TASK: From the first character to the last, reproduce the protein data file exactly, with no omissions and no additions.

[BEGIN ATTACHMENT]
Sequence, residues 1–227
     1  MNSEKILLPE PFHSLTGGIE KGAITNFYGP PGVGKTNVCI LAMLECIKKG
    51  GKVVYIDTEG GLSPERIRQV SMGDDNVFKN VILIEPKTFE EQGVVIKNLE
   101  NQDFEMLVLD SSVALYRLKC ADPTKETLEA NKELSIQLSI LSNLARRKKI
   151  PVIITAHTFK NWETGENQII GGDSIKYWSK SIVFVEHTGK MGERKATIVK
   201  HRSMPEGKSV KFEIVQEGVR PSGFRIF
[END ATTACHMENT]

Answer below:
Sequence, residues 1–227
     1  MNSEKILLPE PFHSLTGGIE KGAITNFYGP PGVGKTNVCI LAMLECIKKG
    51  GKVVYIDTEG GLSPERIRQV SMGDDNVFKN VILIEPKTFE EQGVVIKNLE
   101  NQDFEMLVLD SSVALYRLKC ADPTKETLEA NKELSIQLSI LSNLARRKKI
   151  PVIITAHTFK NWETGENQII GGDSIKYWSK SIVFVEHTGK MGERKATIVK
   201  HRSMPEGKSV KFEIVQEGVR PSGFRIF